Always refreshing to hear someone question basic assumptions and programming patterns and concepts. Maybe a bit too ambitious?

Rating: 3 of 5

21.Feb.2015 at 11:08 by David Carr (40 comments)

interesting talk, not what I was expecting definitely gave me a lots to consider.

Rating: 5 of 5

21.Feb.2015 at 11:39 by Jack Segal (23 comments)

best talk of the event for me

Rating: 4 of 5

21.Feb.2015 at 14:08 by Ian Jenkins (36 comments)

Loved his speaking style and found him really engaging as a speaker. I enjoy being challenged so really appreciated the talk. The demo was cool, if a little self indulgent. Would have liked a more comprehensive conclusion.

Rating: 2 of 5

21.Feb.2015 at 15:21 by David Ives (21 comments)

After a good start, I had expected some clearer conclusions on where programming would go. I felt that there was no real structure. At points, it actually felt that Nate was disillusioned with the industry.

Rating: 3 of 5

21.Feb.2015 at 15:31 by Gareth Parmar (10 comments)

The delivery of this keynote was very confident, and the concept of getting us to question the way we are working from more than a methodological view was interesting.

But the demo felt like an afterthought and the presentation didn't finish with a 'message' like most keynotes do/should. Maybe it just lost speed after the insightful start.

Speaker comment:

21.Feb.2015 at 15:35 by Nate Abele (8 comments)

Hi everyone, thanks for the feedback. The conclusion was definitely a little rushed, as they were trying to get me off-stage at that point (it was certainly a lot of concepts to cover in half an hour).

However, I'm pretty disappointed at the fact that the amazing and patently obvious benefits of describing systems as data structures was completely lost on almost everyone in the entire audience. A few examples:

- Statically analyzing programs by query
- Refactoring by query
- Structural diffing of any element to sub-expression granularity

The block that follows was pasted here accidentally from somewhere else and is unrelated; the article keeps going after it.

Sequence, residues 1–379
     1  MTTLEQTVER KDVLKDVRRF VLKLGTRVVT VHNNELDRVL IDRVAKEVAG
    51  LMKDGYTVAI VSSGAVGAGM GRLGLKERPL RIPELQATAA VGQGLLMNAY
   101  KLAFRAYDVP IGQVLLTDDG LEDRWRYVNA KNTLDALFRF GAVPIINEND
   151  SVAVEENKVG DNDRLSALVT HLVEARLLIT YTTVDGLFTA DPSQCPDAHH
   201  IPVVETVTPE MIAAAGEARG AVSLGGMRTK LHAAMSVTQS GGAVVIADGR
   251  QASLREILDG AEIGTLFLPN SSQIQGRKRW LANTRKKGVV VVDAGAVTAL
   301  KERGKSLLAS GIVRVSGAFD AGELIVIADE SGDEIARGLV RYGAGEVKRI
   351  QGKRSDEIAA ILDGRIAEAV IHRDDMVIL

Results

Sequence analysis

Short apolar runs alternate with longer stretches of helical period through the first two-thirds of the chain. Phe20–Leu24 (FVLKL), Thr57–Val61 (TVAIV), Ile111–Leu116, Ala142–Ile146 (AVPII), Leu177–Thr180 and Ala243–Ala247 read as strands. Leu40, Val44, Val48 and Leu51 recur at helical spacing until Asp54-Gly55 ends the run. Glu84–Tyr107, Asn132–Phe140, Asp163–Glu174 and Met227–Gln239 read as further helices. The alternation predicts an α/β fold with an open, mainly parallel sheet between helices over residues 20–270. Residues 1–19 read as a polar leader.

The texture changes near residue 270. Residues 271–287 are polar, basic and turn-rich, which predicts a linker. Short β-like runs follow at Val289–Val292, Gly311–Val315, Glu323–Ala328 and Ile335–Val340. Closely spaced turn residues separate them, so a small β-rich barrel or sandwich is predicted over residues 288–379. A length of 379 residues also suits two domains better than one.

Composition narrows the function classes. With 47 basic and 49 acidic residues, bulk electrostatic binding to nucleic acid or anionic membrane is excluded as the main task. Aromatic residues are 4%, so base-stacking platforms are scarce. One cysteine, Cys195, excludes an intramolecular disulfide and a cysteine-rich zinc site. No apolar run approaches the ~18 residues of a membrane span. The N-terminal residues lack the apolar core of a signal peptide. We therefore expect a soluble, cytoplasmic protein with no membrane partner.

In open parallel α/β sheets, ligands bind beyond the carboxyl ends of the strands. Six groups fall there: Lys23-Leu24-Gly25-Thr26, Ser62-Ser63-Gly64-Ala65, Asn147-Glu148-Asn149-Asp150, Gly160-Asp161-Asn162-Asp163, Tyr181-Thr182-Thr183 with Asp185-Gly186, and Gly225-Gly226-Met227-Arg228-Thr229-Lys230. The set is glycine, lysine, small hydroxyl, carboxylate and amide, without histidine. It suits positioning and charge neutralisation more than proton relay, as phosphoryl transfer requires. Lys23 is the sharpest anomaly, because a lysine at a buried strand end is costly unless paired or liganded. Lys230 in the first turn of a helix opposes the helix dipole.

- Analyzing changes over time in (a) what/how APIs are called, (b) what tests would/wouldn't have passed, etc.

In short, we have amazing tools for working with data, but the state of tools for working with code is shit. I'm gonna stop here, because otherwise this is gonna turn into a doctoral thesis...

Rating: 4 of 5

21.Feb.2015 at 21:45 by Alessandro Zucca (17 comments)


Rating: 4 of 5

22.Feb.2015 at 10:42 by Christopher Hoult (48 comments)

Nate has a great presentational style - and he's clearly put a lot of thought into his ideas. It's quite a brave thing to put forward your ideas on the future - and even more so to be specific about your predictions.

I wasn't wholly sure that the tech demo added to the presentation - I don't think it supported his points in the way that he wanted.

Rating: 2 of 5

22.Feb.2015 at 23:28 by Anonymous

Didn't really get it, to be honest, although it did raise some interesting questions about the future.
Are the state of tools for working with code so bad?
I Would have liked Nate to have a but more time to deliver his point, and perhaps for some discussion after.

Rating: 4 of 5

23.Feb.2015 at 11:31 by Chris Hunt (5 comments)

Was a good and relatively light way to end the day which raised some interesting ideas

Rating: 3 of 5

23.Feb.2015 at 12:11 by Matt Dawkins (38 comments)

Interesting thought experiment, but very little I could take away and learn from. Good presentation style though.

Rating: 2 of 5

23.Feb.2015 at 16:12 by Anonymous

Started well, then took off on a tangent. The start did have a lot of promise but at the end, I didn't really get the point.

Rating: 5 of 5

25.Feb.2015 at 11:10 by Frank de Jonge (49 comments)

As the PHP world moves more towards "Rethinking best practices" this talk played nicely into that mindset. With the ever growing demand of having more complex structures and procedures, the need to be able to reason about these things becomes increasingly difficult. The declarative style which Nate showed makes it infinitely more easy to do so. Other movements have tried to simplify this too, FP in general and JS tools like ReactJS. The fact that this was a visual representation of this concept was awesome.

Rating: 2 of 5

26.Feb.2015 at 14:18 by Ethan W (7 comments)

Not a great deal of structure to the talk. Seemed to flit about quite a bit. Maybe its because of technical issues but I didn't engage with the topic as much as I thought I would.